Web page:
temporarily put it back to 100% to view the gif animation
without nasty artifacts. I didn't know about that at the time
I made it. Also screens were generally smaller back then,
so it is tiny.

http://www.freemars.org/jeff/speed/index.htm The Solar wind has a push-pull effect on the Moon, very much unlike the push-only effect caused by atmospheric drag for crashing satellites.

WaxRubiks
2015-Oct-27, 06:10 PM
But I didn't think you were talking about applying thrust. I thought you were thinking of applying dust!

I think the drag that was talked about was drag from the sea tide. The bulge of the sea pulling the moon in the direction of its orbit...I think....

Buttercup
2015-Oct-27, 06:48 PM
Kryptonite? :)

Jeff Root
2015-Oct-27, 07:16 PM
Pull? You'll have to explain that. There might be a very
miniscule outward push from solar wind, but the main
drag is when the Sun's atmosphere gets big enough to
engulf the Earth and Moon.

I'm pretty sure the Sun's loss of mass to solar wind has
a far greater effect than the direct impact of the wind on
the Moon.

-- Jeff, in Minneapolis

George
2015-Oct-27, 09:11 PM
Pull? You'll have to explain that. There might be a very
miniscule outward push from solar wind, but the main
drag is when the Sun's atmosphere gets big enough to
engulf the Earth and Moon.

I'm pretty sure the Sun's loss of mass to solar wind has
a far greater effect than the direct impact of the wind on
the Moon. I think I see how you see it, namely that the solar wind acts like our atmosphere does on satellites, which contribute greatly to orbital decay. This is probably what Ken is saying as well, but I envision two separate push-pull effects: one radial and one tangential. As the Moon moves radially toward the Sun, the wind will act ("push") to slow it down, but as it moves radially away from the Sun, the wind acts ("pulls") on the Moon to speed it up. As the Moon swings more behind the Earth, it will turn tangentially in its orbit whereupon the wind will push to slow it down, but 180 deg. later, cause it to speed back up. Or we could combine the two using a vector of about 4 to 5 degrees [sine(67k mph/895k mph)].

cjameshuff
2015-Oct-27, 10:35 PM
I'm pretty sure the Sun's loss of mass to solar wind has
a far greater effect than the direct impact of the wind on
the Moon.

Also, the force exerted by sunlight is about 1000 times greater.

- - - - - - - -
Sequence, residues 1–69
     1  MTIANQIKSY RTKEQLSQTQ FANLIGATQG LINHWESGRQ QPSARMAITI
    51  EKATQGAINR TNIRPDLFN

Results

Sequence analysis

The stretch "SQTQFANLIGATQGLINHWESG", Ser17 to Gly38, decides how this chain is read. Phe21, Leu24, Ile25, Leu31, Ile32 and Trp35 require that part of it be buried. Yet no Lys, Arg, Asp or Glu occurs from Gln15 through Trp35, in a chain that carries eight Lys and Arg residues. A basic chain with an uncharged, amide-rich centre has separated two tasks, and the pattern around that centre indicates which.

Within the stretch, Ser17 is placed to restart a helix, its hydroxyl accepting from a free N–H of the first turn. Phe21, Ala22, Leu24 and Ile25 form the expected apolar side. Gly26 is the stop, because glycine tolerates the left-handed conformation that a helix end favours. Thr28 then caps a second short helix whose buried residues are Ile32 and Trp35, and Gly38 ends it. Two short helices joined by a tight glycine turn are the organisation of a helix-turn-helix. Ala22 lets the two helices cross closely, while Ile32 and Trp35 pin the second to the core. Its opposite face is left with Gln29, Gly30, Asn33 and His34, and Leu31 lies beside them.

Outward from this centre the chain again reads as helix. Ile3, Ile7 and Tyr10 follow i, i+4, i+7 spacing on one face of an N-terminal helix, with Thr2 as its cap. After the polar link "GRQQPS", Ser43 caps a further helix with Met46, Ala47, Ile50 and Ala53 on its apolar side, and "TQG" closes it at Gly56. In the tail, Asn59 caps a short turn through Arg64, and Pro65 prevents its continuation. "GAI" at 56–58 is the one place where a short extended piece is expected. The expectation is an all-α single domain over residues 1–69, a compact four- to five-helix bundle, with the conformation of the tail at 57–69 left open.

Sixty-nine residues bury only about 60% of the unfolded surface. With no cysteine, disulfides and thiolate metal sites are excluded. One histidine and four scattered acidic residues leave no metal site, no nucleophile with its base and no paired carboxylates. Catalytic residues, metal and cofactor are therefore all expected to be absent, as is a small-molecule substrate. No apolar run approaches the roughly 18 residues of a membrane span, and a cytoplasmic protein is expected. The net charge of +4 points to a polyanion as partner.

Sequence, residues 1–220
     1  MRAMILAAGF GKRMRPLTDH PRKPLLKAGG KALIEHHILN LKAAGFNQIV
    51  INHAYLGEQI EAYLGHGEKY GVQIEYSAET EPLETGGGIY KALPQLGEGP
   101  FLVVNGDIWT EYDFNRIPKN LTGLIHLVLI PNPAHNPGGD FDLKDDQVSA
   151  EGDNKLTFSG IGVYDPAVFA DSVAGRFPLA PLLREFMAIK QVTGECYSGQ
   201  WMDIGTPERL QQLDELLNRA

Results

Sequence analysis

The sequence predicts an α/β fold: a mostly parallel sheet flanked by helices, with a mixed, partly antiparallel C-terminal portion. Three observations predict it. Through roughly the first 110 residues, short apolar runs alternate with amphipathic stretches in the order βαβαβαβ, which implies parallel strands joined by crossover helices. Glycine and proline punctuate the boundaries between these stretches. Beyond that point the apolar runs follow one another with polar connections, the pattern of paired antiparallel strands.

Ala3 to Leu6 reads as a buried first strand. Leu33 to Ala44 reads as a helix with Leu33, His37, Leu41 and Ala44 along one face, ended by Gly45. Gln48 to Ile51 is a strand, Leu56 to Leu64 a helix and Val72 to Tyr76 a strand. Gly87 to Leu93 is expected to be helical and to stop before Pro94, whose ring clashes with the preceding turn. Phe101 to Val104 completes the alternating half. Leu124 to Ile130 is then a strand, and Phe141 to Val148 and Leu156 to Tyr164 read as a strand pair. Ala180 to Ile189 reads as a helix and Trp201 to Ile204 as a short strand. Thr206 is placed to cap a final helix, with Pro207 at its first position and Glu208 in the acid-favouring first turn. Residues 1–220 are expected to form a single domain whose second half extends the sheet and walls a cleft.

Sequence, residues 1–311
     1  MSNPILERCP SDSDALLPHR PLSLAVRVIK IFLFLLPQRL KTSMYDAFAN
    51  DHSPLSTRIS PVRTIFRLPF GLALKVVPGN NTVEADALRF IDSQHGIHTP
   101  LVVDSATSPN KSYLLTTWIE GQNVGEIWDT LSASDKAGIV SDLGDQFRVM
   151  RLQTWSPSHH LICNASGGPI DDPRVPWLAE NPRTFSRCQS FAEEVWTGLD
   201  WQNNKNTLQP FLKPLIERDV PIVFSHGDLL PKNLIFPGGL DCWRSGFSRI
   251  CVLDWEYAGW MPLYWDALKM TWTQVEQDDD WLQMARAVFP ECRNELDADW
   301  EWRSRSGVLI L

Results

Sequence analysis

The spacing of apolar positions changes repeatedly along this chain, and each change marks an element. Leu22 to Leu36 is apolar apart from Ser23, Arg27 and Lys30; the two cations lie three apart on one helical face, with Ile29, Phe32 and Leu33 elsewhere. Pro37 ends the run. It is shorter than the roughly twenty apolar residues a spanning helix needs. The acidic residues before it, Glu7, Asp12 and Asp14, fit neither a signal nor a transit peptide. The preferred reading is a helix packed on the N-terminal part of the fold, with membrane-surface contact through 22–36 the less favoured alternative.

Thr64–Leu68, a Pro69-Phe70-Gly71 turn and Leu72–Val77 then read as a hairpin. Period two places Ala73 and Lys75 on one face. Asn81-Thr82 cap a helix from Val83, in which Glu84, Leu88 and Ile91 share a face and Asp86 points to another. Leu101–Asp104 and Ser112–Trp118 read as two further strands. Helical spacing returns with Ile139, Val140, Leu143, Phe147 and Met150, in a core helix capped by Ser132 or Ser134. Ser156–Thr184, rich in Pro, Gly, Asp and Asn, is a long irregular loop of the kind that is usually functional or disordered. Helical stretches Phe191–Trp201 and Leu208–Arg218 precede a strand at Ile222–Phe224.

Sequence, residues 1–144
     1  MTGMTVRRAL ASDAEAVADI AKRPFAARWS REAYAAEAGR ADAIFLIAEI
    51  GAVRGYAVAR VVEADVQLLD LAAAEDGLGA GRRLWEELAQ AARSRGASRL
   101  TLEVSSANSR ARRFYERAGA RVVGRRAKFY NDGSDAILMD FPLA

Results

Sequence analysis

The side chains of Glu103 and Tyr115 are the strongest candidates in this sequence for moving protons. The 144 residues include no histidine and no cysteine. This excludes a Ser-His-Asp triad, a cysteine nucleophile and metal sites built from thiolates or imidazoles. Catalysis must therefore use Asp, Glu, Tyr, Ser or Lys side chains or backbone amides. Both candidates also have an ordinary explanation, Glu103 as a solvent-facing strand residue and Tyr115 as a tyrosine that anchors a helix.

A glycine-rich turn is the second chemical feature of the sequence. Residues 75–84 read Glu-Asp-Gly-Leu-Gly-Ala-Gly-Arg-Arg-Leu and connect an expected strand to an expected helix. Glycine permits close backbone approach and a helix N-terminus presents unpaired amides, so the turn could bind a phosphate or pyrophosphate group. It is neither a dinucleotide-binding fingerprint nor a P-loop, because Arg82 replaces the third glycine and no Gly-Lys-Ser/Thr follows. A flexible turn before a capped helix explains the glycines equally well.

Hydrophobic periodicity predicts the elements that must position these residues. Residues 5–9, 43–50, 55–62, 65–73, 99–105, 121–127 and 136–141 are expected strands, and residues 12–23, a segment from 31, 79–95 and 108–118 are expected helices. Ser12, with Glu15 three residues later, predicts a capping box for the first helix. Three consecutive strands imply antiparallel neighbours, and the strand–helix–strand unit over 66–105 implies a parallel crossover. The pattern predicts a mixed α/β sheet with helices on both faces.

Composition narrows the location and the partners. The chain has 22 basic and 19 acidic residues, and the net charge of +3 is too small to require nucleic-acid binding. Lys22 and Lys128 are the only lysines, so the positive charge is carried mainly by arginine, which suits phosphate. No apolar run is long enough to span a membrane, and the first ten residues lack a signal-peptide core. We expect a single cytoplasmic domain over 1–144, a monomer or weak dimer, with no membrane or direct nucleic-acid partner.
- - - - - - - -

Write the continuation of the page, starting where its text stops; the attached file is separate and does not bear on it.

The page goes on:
I think I see how you see it, namely that the solar wind acts like our atmosphere does on satellites, which contribute greatly to orbital decay. This is probably what Ken is saying as well, but I envision two separate push-pull effects: one radial and one tangential. As the Moon moves radially toward the Sun, the wind will act ("push") to slow it down, but as it moves radially away from the Sun, the wind acts ("pulls") on the Moon to speed it up. As the Moon swings more behind the Earth, it will turn tangentially in its orbit whereupon the wind will push to slow it down, but 180 deg. later, cause it to speed back up. Or we could combine the two using a vector of about 4 to 5 degrees [sine(67k mph/895k mph)].

I don't see how the force exerted by the solar wind (or sunlight) is ever in any sense a "pull". How are the speed and direction of motion of the moon relevant? The only things that matter are the motion of the wind and direction of the force it applies. Sometimes it accelerates the moon and sometimes it decelerates the moon, but it is always a push outward from the sun.

JohnD
2015-Oct-27, 11:30 PM
Are you saying Jens is wrong?

YOU may say that, I could not possibly comment.

But yes, I was extrapolating to fast. Atmospheric drag would bring them in.
I think in Niven's Smoke Ring, "West" was in the direction of travel, so thrusting West would have the same effect as drag.
And "West takes you in"
""East takes you out, out takes you west, west takes you in, in takes you east, port and starboard bring you back".

John

Jeff Root
2015-Oct-28, 04:45 AM
JohnD,

I think you were NOT suggesting that Jens was wrong,
but that was how grapes interpreted what you wrote,
and it puzzled me for a moment, too.

* * * *

I haven't read the story, but from the quotes, I'd say that
the direction of travel must be from west to east. And I'd
say that means "East" was in the direction of travel, to use

When you say "thrusting West" do you mean that your
thrust pushes you toward the west, or that your exhaust
goes toward the west? I'd think it would be the former,
in which case your statement that thrusting West would
have the same effect as drag is correct -- If you are
moving from west to east.

-- Jeff, in Minneapolis

Ken G
2015-Oct-28, 05:19 AM